Therapy Dogs

Ever had a day where you just needed a non-judgemental listener - one who gives you undivided attention and can keep a secret? As dog owners we immediately turn to our dogs. Now imagine you are in a hospital or residential facility without your dog.

Therapy dogs visit these facilities and perform those services - they listen, they get petted, they get hugged, they help with physical therapy programs by retrieving balls tossed as the patient relearns the use of an arm ... the list goes on and on.

It takes a very sound dog who likes people and has good solid nerves to handle the programs. The smells of a medical facility are hard on a dog's sensitive nose. There are noises, people who look, act and move in a manner most dogs are not used to. But the dogs handle it and many enjoy their visits as much as the patients do.

The R.E.A.D. program:
One of our members described her dog's recent visit. There was a young girl who found reading such a struggle for her that she did not want to participate. She struggled through her few pages but the dog did not care she stumbled on the words. Instead she placed her head on the girl's lap and listened for her allotted time. After several hours and a number of other kids, the first little girl came back and asked if she could read another story as she wanted the dog to hear her do it better. The dog wagged her tail and listened again. Instead of hating reading the little girl now wants to read to the dog weekly to show off her progress.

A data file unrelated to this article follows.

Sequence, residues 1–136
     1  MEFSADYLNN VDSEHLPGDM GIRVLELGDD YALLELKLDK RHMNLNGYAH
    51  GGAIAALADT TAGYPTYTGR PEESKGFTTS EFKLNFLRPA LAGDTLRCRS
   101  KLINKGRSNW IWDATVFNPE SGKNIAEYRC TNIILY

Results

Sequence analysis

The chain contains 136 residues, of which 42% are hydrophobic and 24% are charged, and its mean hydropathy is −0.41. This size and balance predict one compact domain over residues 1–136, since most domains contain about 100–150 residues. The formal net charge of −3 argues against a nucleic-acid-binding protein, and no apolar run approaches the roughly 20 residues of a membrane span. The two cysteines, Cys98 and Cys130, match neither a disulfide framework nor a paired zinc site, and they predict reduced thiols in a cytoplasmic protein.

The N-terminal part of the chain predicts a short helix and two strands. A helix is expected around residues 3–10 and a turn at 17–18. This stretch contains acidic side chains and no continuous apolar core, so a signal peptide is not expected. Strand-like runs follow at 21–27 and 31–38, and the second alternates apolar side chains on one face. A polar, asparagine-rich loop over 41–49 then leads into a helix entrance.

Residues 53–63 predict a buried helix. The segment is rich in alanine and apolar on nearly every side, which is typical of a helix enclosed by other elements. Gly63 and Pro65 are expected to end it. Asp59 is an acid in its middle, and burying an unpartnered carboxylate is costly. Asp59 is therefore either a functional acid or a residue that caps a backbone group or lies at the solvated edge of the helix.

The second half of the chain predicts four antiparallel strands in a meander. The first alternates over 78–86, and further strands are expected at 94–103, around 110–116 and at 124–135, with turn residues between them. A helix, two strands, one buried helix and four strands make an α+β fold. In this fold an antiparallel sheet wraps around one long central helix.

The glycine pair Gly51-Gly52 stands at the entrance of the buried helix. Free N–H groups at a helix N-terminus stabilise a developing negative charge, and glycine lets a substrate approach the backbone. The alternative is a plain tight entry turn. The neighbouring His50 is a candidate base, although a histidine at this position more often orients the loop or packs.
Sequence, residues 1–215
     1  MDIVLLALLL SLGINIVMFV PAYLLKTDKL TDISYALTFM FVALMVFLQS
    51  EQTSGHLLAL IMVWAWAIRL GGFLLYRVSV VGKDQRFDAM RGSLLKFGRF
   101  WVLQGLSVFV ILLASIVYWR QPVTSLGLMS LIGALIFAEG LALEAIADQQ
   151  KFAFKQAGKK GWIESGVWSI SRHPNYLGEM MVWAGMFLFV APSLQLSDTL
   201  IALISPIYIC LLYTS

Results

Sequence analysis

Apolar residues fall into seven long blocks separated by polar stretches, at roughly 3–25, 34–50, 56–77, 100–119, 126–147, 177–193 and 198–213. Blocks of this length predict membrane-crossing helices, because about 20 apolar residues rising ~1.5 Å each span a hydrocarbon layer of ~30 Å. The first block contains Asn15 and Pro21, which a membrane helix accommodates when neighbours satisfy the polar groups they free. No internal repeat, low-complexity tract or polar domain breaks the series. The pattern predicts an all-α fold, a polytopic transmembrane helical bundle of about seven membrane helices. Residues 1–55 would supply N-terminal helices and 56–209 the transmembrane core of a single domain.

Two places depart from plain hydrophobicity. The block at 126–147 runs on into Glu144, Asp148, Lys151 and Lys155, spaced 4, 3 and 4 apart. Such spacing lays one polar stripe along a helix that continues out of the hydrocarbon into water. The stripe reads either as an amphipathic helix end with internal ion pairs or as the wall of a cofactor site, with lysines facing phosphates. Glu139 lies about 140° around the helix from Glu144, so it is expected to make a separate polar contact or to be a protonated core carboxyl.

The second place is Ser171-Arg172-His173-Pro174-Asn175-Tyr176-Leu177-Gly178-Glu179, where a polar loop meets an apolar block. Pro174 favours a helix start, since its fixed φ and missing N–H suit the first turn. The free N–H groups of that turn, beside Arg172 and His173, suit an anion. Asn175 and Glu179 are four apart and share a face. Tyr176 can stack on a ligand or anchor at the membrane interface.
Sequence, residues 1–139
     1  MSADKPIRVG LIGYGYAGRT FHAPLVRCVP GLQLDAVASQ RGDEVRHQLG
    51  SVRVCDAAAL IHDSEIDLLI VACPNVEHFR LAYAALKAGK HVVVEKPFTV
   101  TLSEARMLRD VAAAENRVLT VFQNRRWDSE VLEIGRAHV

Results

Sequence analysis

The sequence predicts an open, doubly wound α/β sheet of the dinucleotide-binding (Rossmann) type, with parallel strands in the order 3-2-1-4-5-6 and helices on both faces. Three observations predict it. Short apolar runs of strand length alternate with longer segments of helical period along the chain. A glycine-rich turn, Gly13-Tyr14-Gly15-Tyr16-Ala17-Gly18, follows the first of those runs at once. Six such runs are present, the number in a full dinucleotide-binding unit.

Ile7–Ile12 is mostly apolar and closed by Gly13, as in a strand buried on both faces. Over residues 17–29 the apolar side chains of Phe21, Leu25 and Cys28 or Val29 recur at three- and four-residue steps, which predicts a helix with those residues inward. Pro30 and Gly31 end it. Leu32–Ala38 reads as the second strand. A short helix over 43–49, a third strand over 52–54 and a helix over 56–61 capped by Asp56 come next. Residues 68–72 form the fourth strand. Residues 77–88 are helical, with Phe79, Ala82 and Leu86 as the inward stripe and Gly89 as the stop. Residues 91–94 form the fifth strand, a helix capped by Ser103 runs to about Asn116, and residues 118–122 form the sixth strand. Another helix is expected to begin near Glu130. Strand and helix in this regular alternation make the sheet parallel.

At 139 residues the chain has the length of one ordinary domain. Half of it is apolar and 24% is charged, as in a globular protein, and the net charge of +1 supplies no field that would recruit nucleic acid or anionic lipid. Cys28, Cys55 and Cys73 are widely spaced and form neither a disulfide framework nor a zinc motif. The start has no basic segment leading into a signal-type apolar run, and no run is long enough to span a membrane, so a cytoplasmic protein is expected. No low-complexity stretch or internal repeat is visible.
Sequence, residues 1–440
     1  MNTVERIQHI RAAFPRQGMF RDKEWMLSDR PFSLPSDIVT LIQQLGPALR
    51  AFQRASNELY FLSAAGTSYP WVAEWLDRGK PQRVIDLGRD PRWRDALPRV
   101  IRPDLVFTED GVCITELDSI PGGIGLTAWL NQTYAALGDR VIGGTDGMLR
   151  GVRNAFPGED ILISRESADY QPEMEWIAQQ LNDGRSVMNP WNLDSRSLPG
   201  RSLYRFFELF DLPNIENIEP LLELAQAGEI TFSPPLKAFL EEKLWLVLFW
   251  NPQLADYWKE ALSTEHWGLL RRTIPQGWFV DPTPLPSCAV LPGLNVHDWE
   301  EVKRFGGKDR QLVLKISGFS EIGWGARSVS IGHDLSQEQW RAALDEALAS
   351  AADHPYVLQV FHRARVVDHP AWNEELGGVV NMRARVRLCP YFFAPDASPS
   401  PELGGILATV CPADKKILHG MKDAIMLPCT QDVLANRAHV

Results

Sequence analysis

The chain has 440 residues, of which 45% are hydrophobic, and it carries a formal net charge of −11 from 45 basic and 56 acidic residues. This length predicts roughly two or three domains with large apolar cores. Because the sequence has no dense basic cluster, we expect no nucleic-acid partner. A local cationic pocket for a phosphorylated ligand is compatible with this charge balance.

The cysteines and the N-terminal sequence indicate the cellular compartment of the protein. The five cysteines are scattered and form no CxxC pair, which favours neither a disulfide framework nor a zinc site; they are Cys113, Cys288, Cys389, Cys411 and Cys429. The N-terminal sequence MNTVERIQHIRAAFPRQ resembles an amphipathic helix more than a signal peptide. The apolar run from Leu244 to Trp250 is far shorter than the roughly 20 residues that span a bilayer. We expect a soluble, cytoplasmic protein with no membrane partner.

A good listener makes the day better.

Therapy dogs have to meet some stringent requirements. Certification is available through THERAPY DOGS INTERNATIONAL or the DELTA SOCIETY and programs are generally run through any of a number of organizations. They all have their own specific requirements based on the programs and facilities served.

The GSDC of Oregon will host another TDI certification test in 2013. Several of our members have active Therapy Dogs and they will be happy to answer your questions.